23 March 2015
Speed is key in the race to biometrics payments
If there is one good reason why biometric payments are on the verge of a breakthrough, it would be ‘speed’. We are used to take our credit or debit card at a point of sale, swipe it and enter a code. Mobile payments are becoming more popular, but this too requires several steps to complete a purchase in a store: take your mobile device, open the payment app and enter a code.
Unless, of course, your phone has an NFC chip.
Checking out quickly is a priority for consumers (who doesn’t feel the pressure of the supermarket queue?) and retailers (fast checkout means more efficiency) alike. According to Bank Systems & Technology, mobile payments will be ‘stuck in low gear until making a mobile payment becomes faster than using a credit card’.
Biometrics promise to bring speed to the checkout process; whether by face, fingerprints, hand geometry, iris or voice. The technology of biometric identification is maturing rapidly: Gartner even predicted that 30 percent of organizations will use biometric authentication for mobile devices by 2016. According to a WorldPay survey almost half of all European consumers would like to see biometric payments emerge as a payment technology alternative.
But when it comes to the application of biometrics in the payments industry, Google results demonstrate that few organisations are claiming the topic yet:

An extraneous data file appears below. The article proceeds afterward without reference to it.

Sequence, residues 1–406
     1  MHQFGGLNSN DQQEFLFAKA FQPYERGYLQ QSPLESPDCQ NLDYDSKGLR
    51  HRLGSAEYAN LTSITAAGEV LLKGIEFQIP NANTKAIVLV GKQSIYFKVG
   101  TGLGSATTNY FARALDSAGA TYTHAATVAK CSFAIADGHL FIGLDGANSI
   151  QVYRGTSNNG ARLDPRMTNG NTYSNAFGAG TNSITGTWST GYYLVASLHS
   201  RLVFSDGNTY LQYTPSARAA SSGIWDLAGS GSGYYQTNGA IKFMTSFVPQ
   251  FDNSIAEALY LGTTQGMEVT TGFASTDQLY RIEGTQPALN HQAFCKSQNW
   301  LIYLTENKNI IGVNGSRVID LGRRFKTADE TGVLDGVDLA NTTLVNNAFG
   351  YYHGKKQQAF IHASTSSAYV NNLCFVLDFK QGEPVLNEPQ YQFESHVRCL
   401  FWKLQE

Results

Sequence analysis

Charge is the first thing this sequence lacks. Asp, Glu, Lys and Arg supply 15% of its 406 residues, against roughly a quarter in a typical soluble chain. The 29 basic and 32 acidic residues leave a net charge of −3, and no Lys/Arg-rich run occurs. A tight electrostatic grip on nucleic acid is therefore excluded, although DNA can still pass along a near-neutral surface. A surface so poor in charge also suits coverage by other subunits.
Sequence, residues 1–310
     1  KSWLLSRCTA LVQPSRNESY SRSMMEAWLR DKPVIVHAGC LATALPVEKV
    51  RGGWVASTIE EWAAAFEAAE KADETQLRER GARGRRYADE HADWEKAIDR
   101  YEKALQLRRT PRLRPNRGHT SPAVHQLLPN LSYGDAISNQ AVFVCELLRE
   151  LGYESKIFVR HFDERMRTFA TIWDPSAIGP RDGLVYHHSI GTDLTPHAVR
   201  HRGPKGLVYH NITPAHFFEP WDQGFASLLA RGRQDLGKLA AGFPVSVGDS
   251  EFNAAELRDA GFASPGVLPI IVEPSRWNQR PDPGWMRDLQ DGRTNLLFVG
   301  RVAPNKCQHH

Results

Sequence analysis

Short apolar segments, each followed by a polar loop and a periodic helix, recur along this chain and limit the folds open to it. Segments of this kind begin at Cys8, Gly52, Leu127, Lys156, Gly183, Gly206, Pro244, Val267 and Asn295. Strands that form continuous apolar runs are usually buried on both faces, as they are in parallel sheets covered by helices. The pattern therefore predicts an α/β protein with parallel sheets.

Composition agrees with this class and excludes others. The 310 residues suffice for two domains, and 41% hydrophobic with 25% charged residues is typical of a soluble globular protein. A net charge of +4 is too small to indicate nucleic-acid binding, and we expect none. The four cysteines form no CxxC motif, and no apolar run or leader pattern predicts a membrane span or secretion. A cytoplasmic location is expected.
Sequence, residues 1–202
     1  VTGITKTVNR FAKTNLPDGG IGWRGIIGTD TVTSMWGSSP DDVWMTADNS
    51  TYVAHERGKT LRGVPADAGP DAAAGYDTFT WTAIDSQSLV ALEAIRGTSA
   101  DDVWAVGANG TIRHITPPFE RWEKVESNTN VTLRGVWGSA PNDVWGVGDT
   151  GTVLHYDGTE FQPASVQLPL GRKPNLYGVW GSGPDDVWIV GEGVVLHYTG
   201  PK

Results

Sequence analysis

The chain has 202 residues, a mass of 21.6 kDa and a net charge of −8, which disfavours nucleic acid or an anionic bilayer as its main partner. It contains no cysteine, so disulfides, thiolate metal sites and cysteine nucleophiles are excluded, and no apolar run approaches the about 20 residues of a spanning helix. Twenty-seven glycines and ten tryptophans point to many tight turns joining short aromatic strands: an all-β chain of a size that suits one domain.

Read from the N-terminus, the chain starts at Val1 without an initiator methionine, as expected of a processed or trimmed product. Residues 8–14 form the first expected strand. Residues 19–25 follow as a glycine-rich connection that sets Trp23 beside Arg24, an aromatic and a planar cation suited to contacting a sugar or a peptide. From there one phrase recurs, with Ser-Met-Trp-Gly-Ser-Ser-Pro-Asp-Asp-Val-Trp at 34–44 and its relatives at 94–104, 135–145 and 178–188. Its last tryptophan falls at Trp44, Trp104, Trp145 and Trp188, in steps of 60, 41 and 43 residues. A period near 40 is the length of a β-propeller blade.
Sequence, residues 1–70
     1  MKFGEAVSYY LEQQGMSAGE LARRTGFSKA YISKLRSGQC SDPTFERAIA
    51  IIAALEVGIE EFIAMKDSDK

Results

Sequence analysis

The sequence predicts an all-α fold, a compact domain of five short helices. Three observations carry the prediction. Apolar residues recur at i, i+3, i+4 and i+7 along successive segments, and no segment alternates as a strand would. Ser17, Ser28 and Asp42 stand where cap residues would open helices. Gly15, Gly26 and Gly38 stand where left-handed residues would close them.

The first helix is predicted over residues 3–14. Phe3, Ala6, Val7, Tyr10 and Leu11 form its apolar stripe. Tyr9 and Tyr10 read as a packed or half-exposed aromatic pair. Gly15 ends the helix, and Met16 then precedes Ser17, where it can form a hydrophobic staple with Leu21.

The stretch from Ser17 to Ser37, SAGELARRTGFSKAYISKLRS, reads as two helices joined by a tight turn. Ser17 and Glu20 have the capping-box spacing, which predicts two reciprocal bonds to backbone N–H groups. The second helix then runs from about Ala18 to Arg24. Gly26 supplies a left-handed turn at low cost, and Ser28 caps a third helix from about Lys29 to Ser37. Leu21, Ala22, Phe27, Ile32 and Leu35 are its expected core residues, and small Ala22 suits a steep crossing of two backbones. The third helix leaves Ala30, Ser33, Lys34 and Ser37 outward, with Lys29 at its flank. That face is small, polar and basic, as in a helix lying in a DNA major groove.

A lot is being said about biometric passports on the Internet, but the application of biometric payments is still a green field.
Does this mean that biometrics are not yet embraced by the payments industry? Not at all. PaymentsSource listed 11 noteworthy uses, including PayPal’s support of fingerprint payments on the Samsung Galaxy S5 smartphone.
Visa is also experimenting with the technology, but there is challenge: to separate the authentication that is used to access your device from the payment credentials. After all, you wouldn’t want people to access your payment app when your iPhone or Galaxy gets lost or stolen.
The Swedisch startup Quixter introduced a system that uses vein-scanning technology as an identification system.
The main driver for founder and CEO Fredrik Leifland is ‘to come up with a quicker system for making card payments that did away with the related faff of fishing cards out of wallets and all that jazz’, said Techcrunch.
So it seems that speed and security are two main considerations for the development and adoption of biometrics in payments. The technology provider that is able to secure a fast checkout with biometrics will win the battle for the consumer and retailer in the coming years.